Hardly a week goes by without a major news story about the threatened destruction of a valuable natural resource. In June of 1989, for example, a New York Times article focused on the problem of overfishing in the Georges Bank about 150 miles off the New England coast. Catches of cod, flounder, and haddock are now only a quarter of what they were during the 1960s. Everyone knows that the basic problem is overfishing; however, those concerned cannot agree how to solve the problem. Congressional representatives recommend new national legislation, even though the legislation already on the books has been enforced only erratically. Representatives of the fishers argue that the fishing grounds would not be in such bad shape if the federal government had refrained from its sporadic attempts to regulate the fishery in the past. The issue in this case - and many others - is how best to limit the use of natural resources so as to ensure their long-term economic viability. Advocates of central regulation, of privatization, and of regulation by those involved have pressed their policy prescriptions in a variety of different arenas.
Similar situations occur on diverse scales ranging from small neighborhoods to the entire planet. The issues of how best to govern natural resources used by many individuals in common are no more settled in academia than in the world of politics. Some scholarly articles about the “tragedy of the commons” recommend that “the state” control most natural resources to prevent their destruction; others recommend that privatizing those resources will resolve the problem. What one can observe in the world, however, is that neither the state nor the market is uniformly successful in enabling individuals to sustain long-term, productive use of natural resource systems. Further, communities of individuals have relied on institutions resembling neither the state nor the market to govern some resource systems with reasonable degrees of success over long periods of time.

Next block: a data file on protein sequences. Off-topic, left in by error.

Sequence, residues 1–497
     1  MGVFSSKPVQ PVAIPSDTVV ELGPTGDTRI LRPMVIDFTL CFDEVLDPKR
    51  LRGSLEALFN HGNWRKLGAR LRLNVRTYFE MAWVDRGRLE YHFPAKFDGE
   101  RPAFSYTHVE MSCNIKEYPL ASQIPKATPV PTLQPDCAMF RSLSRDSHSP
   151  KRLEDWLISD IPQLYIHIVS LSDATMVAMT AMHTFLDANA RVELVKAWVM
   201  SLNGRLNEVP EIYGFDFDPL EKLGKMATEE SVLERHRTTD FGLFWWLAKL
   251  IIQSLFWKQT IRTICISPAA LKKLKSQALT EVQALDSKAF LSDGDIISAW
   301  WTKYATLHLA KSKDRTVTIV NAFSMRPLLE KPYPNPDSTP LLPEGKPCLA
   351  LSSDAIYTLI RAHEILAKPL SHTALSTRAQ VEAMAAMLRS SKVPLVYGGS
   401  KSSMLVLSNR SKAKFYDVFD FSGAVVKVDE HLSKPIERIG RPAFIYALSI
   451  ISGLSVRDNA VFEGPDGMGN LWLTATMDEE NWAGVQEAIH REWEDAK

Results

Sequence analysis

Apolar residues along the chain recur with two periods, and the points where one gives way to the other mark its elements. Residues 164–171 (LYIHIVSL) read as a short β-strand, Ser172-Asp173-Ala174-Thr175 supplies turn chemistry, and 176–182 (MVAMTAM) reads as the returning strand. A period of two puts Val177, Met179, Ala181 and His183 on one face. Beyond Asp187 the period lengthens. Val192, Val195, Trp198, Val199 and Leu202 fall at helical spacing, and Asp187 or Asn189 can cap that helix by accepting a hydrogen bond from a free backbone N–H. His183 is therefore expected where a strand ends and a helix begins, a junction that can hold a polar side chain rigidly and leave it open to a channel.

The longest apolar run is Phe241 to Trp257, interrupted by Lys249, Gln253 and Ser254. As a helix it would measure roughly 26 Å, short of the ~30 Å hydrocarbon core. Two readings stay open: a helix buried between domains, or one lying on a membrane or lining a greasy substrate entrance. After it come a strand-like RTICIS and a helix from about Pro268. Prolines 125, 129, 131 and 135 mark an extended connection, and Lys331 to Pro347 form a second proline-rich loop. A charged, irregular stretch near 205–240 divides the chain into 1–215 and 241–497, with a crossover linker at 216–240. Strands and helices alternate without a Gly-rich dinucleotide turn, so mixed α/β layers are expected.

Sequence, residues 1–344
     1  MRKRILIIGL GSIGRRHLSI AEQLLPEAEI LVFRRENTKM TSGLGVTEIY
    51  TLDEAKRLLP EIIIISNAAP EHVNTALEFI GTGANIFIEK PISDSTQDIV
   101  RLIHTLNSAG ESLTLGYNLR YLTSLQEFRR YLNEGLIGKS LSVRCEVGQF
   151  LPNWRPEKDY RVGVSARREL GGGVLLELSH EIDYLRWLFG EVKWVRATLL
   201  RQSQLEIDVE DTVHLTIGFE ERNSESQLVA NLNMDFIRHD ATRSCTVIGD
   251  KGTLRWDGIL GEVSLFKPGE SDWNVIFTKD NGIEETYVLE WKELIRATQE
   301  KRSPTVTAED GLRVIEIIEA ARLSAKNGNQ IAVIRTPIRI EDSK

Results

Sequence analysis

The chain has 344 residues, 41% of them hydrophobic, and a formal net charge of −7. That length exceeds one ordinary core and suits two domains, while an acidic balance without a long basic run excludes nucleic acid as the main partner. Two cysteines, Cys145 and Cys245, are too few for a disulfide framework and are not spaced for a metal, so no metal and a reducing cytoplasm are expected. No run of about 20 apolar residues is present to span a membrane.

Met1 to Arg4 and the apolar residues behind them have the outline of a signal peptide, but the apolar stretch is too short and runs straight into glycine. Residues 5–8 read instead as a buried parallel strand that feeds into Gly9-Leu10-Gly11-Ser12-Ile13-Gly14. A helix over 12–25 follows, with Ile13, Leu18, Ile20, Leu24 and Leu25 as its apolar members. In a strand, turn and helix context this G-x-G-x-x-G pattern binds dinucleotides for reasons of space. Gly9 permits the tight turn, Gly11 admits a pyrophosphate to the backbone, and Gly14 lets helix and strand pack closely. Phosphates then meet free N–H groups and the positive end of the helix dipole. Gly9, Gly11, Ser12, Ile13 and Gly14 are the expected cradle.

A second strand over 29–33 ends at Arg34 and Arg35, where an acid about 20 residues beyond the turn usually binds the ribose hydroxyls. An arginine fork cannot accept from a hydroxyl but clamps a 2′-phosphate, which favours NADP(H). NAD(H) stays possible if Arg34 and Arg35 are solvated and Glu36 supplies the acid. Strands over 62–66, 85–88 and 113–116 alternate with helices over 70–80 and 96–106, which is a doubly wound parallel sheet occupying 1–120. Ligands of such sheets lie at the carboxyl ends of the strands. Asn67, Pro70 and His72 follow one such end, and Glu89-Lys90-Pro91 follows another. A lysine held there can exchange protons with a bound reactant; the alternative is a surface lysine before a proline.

We do not yet have the necessary intellectual tools or models to understand the array of problems that are associated with governing and managing natural resource systems and the reasons why some institutions seem to work in some settings and not others.
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